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Commonwealth v. Lark

Superior Court of Pennsylvania

April 9, 2014

BASIR LARK, Appellee

Submitted July 22, 2013

Appeal fro the Order of the Court of Common Pleas, Philadelphia County, Criminal Division, No.: CP-51-CR-0008139-2010. Before RANSOM, J.

Hugh J. Burns, Jr., Assistant District Attorney, Philadelphia, for Commonwealth, appellant.

Coley O. Reynolds, Philadelphia, for appellee.



Page 166


The Commonwealth appeals from the order of November 13, 2012, which granted the motion of Appellee, Basir Lark, to suppress a child witness's identification of him as her father's murderer.[1] Nothing in the record suggests police misconduct. Furthermore, the suppression court's finding that the identification was not reliable is not supported by the evidence of record. Accordingly, we are constrained to vacate the order of suppression and remand for proceedings consistent with this opinion.

Page 167

The underlying facts in this matter are taken from the suppression hearing notes of testimony, unless otherwise noted. On March 25, 2010, Aubrey Brown, the victim, visited the home of Frances McNeill (Mother), to see their then nine-year-old daughter, S. B. and pick up her report card. (See N.T. Motion, 11/09/12, at 52, 65-66; see also N.T. Preliminary Hearing, 6/23/10, at 5-7). While Mother and the victim were speaking on the front porch, at approximately 2:54 pm, Appellee walked up to the house, stepped onto the grass in front of the porch, and fired three shots, fatally wounding Mr. Brown.[2] When S.B. heard the first shot she ran to the doorway and came outside of the house. (See N.T. Motion, 11/09/12, at 66-68; see also N.T. Preliminary Hearing, 6/23/10, at 17, 19-20). Mother tried to force her back into the house by pushing the screen door closed. (See N.T. Motion, 11/09/12, at 67, 68). The shooter fled, and Mother's sister called the police.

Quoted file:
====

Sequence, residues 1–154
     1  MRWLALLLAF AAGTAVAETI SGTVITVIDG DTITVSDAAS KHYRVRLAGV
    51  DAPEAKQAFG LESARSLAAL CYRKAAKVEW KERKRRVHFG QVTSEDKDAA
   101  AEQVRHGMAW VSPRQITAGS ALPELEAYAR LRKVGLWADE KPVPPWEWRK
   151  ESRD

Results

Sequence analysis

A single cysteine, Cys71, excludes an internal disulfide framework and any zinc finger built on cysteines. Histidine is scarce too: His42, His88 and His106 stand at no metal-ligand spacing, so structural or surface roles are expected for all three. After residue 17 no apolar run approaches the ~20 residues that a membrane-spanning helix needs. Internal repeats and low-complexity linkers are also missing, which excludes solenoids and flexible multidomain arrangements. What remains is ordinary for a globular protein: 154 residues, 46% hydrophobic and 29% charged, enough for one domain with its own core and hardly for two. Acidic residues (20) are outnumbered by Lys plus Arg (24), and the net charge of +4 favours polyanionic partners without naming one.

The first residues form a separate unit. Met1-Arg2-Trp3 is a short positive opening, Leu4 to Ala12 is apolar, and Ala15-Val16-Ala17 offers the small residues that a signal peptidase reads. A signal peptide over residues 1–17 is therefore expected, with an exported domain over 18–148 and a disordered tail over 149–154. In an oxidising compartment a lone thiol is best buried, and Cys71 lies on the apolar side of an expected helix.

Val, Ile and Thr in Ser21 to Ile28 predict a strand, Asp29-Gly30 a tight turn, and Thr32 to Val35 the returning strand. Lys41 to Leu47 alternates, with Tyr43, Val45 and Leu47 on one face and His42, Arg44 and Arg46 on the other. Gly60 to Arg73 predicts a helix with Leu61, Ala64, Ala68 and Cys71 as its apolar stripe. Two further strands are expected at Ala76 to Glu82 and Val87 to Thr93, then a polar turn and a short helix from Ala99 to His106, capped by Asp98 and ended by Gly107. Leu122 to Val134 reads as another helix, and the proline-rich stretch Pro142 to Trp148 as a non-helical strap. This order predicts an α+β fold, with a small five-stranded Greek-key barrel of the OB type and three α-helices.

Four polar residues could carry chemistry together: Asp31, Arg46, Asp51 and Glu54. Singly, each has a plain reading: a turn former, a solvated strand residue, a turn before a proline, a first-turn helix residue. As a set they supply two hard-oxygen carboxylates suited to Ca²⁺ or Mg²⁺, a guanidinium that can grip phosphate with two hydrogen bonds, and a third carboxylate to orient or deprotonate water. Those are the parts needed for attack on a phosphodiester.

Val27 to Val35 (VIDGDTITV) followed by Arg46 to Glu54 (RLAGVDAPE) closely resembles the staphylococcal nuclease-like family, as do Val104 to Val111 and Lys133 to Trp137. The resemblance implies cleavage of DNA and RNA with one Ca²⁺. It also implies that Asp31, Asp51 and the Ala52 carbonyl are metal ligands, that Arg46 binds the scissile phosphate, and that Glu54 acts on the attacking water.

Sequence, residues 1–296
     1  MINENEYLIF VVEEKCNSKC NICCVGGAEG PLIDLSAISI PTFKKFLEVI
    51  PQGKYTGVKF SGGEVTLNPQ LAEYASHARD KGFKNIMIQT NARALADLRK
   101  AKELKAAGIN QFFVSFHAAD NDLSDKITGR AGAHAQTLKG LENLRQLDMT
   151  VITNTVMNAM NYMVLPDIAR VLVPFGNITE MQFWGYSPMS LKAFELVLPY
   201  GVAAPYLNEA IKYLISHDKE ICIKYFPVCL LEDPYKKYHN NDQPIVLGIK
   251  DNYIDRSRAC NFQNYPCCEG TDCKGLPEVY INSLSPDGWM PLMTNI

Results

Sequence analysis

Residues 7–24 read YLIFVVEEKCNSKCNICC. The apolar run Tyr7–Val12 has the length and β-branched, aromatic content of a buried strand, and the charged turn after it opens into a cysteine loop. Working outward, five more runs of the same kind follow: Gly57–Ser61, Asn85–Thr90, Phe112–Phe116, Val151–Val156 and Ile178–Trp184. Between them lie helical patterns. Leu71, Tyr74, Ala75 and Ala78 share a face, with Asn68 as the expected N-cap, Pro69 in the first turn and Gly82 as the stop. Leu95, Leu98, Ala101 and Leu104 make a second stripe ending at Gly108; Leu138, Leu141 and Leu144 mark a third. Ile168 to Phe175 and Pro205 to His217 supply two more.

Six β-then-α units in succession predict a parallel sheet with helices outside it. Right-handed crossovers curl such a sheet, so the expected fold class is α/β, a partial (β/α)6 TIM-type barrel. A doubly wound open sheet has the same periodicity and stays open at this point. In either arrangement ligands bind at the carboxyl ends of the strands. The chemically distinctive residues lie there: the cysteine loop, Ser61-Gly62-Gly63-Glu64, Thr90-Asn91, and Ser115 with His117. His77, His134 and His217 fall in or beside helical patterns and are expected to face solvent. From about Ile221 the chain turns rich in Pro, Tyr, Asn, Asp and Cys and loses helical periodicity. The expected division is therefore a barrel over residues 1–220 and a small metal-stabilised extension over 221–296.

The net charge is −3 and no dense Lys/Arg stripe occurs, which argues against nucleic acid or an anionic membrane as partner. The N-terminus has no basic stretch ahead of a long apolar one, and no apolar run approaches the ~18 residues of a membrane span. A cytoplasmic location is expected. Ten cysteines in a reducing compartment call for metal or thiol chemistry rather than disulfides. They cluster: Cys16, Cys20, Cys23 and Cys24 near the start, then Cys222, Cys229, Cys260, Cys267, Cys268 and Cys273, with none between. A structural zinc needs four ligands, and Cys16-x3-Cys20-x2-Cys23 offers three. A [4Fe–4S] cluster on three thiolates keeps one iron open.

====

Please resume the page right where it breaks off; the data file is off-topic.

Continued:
That same day, police transported Mother and S.B. to police headquarters. Before the interview, S.B. sat with her Mother in the police waiting room. However, the police interviewed S.B. and her Mother separately. (See id. at 80; id., 11/13/12, at 24). S.B. gave a statement which included a verbal physical description of the man who shot her father to Detective Crystal Williams. (See N.T. Motion, 11/13/12, at 23-24). Detective Williams did not give S.B. any information about what her mother was saying, and in fact, did not know what the mother was saying. (See id. at 24). Detective Williams testified that after S.B.'s interview, she prepared a written statement which S.B. went over with her mother. No corrections were made. (See id. at 25).

The next day, after receiving a tip from a confidential informant who had been a reliable neighborhood source, the police prepared several photo arrays which included Appellee's picture. Each array contained eight photos of African-Americans with similar hair styles, facial hair, complexion and facial shapes. The police took them to Mother's home. Mother was present while S.B. selected Appellee's photo from the array. The police showed Mother a completely different photo array. Mother also picked Appellee's picture. (See N.T. Motion, 11/09/12, at 45).

On July 21, 2010, the Commonwealth charged Appellee with murder of the first degree,[3] carrying a firearm without a license,[4] carrying firearms on public streets or public property in Philadelphia,[5] and possession of an instrument of crime.[6]